The Deaf Culture

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1. Introduction
According to Singer (1998: 6) culture is made of “verbal and non-verbal language, attitudes, values, belief and disbelief systems and behaviors” which are “accepted and expected by an identity group”. While the Hearing always belonged to a culture that was accepted and deemed relevant by the majority, the Deaf did not have that. Within a predominately hearing culture the d/Deaf were viewed as disabled who were unable to perform well in society. This opinion is also reflected in the terms used by the h/Hearing to describe d/Deaf people, i.e. deaf mute or deaf and dumb. Especially the latter one, deaf and dumb, echoes the views h/Hearing people had/have on the intelligence of d/Deaf. As, Siple (2000: 146) points out, these “labels
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Additionally, the culture/s of Hearing people did not face many problems in their development as their verbal language was considered the only method for communication. The Deaf, however, faced many difficulties while establishing a culture and identity for themselves. Being deaf was/is still seen by many people as a “deficit that requires treatment or management strategies – a perception of deafness referred to as the pathological or infirmity model” (Foss 2014: 428). This perception “encourages assimilation into the hearing world, assisted by hearing aids or cochlear implants” (Foss 2014: 428). Therefore, this chapter will focus on the history of oppression of the Deaf in the United States of America, as well as on the issue of the…show more content…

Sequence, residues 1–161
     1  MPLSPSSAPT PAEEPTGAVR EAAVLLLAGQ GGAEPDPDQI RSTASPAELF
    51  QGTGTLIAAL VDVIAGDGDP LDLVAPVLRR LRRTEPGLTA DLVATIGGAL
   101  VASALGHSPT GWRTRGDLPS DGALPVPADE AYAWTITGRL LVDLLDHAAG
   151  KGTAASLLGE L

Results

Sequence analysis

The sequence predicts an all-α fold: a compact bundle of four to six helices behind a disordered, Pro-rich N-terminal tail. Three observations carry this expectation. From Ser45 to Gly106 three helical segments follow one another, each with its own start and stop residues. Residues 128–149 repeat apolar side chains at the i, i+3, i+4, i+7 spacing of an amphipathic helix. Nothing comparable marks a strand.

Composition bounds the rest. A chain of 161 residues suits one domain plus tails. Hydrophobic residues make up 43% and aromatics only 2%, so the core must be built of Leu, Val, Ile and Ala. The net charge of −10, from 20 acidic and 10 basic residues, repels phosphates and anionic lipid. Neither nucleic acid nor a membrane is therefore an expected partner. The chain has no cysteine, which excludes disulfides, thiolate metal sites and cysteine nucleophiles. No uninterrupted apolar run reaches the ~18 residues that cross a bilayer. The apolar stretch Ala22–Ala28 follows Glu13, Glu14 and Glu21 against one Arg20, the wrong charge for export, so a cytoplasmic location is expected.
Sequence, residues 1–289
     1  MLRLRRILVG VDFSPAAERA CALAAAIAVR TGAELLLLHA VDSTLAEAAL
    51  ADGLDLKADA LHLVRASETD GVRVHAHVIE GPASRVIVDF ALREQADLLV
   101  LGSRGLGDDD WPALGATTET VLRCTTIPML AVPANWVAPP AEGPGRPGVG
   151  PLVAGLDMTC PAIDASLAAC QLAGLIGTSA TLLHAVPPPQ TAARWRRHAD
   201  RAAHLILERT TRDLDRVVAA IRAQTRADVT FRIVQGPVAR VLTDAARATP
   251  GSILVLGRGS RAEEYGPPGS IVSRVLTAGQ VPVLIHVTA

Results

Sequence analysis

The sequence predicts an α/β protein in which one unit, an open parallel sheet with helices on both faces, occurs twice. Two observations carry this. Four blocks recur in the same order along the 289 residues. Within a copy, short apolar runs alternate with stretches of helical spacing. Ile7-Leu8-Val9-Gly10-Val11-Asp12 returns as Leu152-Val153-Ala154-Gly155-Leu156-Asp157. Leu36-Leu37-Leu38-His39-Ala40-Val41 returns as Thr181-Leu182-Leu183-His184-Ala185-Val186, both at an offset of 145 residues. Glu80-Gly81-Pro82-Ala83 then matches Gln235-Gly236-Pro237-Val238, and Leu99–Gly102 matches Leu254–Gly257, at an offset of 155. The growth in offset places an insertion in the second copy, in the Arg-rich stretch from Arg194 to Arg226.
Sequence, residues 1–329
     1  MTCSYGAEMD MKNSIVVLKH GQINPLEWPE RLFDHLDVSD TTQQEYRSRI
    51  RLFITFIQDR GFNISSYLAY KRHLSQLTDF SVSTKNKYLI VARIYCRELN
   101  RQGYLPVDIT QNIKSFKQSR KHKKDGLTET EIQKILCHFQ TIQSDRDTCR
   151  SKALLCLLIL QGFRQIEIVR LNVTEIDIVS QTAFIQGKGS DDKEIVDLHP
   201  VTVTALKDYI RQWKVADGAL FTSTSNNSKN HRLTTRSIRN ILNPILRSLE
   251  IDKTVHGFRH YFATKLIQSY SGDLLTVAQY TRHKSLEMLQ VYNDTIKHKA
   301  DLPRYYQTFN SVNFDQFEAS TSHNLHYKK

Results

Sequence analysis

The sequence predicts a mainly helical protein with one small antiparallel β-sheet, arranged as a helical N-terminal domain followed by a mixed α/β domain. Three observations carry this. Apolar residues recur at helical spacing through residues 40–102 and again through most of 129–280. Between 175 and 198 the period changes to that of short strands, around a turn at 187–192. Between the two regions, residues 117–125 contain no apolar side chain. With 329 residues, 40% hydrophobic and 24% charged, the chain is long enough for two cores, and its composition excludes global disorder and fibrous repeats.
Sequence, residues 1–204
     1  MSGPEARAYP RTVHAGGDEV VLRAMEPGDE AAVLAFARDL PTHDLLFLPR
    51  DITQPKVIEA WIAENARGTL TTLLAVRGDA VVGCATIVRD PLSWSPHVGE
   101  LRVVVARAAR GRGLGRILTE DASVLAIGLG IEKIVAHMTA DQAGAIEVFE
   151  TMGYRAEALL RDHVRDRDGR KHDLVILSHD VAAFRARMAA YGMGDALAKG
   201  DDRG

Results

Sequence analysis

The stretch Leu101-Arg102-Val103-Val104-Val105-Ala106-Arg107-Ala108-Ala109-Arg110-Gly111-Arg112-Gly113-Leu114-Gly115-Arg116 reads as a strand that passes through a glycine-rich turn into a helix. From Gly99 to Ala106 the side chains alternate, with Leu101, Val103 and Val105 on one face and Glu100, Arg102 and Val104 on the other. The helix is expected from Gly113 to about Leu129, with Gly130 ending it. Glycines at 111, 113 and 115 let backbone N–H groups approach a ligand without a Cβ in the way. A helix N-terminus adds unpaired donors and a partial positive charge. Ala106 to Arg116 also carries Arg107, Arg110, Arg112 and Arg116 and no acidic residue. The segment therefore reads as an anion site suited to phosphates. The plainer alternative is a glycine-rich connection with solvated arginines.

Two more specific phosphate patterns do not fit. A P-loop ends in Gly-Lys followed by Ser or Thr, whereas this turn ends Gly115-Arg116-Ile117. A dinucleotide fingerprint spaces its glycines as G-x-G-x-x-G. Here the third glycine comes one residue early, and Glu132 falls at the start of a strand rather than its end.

Dahm (1998: 524) argues that being deaf causes a person to loose living quality, to be excluded from society and a social everyday life, as well as, in the case of deafened adults, possible depression. Naturally one might argue that Dahm’s article was published nearly 20 years ago and that today’s stance toward deafness has changed. However, the Fact Sheet published by the National Institute of Health (NIH) in 2010 (U.S. Department of Health and Human Services) states that “this remarkable technology [the CI] enables deaf and severely hard-of-hearing individuals to enjoy an enhanced quality of life by providing the ability to listen and participate in conversations as they typically occur throughout our society”. Demonstrating once more that the stance has changed little. Nevertheless, the points brought forth by Dahm and the NIH stand in stark contrast to the arguments of the Deaf community, who campaign for the usage of the term Deaf Gain, as well as for the Hearing to see that being deaf is not the end of the world but the beginning of a new one. Therefore, the next chapter will concern itself with the concept of Deaf

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